In a particularly free-thinking interview, Guerlain in-house perfumer Thierry Wasser reveals unknown sides to his personality - like his admittance that he's a 12-year-old really - as well as his idiosyncratic method for composing fragrances...
He organizes ingredients by alphabetical order, does not think in terms of an evaporation curve and in the end, uses his intuition.
What appears in this long and rich interview in particular is how he's evolved as a Guerlain perfumer. He qualifies himself as "naive" when he looks back at who he was in 2008 when he entered the house. His experience sourcing ingredients and manufacturing perfumes from A to Z has been instrumental in influencing how he conceives what a Guerlain fragrance ought to smell like. What has solidified therefore is his interpretation of Guerlain although he's quick to point out that perfume is a moving thing, a dance, which can be explained discursively but which in reality is dancing away from you.
And then there is the part of mystery, the unexplained, the charm that make some perfume endure while others which were also full of qualities die. For Wasser, the off-the-top-of-his-head list is easy to give: Mitsouko, L'Heure bleue, Shalimar, N° 5 de Chanel, Pour un homme de Caron, those are fragrances that "have something that others don't have" although he notes a strong advertizing policy does not hurt either. But we all know that good adverts are not enough.
The most "prolific" of the Guerlains was Jacques. He composed 400 perfumes. His masterpieces survive today. Perhaps, you can imagine, there will be new interest in the future for the forgotten Jacques Guerlain perfumes.
Wasser squarely refuses to see perfume as something too abstract and intellectual although here again, it's a matter of nuance. Perfume for him is a mental projection but it is essentially made with guts, love and passion.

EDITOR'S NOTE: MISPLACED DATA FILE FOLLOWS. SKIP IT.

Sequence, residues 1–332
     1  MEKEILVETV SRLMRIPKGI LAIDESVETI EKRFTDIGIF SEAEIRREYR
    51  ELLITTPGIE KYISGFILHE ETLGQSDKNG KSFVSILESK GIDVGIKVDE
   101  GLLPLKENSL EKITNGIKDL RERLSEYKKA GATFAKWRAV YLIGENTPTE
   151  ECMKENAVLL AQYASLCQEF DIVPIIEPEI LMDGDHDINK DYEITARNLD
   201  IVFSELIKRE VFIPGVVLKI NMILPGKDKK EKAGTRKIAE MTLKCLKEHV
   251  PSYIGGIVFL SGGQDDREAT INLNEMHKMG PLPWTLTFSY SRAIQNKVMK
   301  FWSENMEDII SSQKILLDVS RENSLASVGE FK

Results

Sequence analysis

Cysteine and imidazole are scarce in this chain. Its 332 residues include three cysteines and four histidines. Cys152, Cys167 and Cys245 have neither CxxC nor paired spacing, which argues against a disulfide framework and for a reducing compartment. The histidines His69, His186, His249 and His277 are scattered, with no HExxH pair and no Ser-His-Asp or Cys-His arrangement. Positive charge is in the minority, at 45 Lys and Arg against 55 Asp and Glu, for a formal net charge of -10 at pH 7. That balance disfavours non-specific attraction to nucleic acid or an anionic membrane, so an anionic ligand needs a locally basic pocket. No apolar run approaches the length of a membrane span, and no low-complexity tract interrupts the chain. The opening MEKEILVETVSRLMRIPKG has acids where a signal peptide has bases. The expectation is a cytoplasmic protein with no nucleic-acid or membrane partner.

He also explains how instransigeant he is with the Guerlain formulae even more so perhaps because his surname is not Guerlain. He gives the example of having had his way over marketing execs who suggested buying just one kind of cinnamon for Jicky. Going back to the Guerlain black book, he insisted you need both the Ceylon and Chinese cinnamons.
Wasser has had more time since 2008 to internalize the styles of all the Guerlain perfumers before him, which he says allows him to find his own style like you drape different layers of folded materials on a Stockman dummy as he borrows the new in fashion metaphor that the house of Guerlain has "held-up" according to his own words.
Jean-Paul Guerlain's style for instance is that of a seducer bent on possessing women, and this reflects in his perfumes like Nahéma, Chamade or Samsara.
His familiarity with the house is constantly evolving. The launch of L'Homme Idéal is a creative turning point for him. He's never felt freer to play with the Guerlain codes.
Let's hope that Thierry Wasser will one day write his memoirs about being the first non-Guerlain perfumer at Guerlain. It is bound to be full of personal reflections, insights and anecdotes.
Read the interview at Le Temps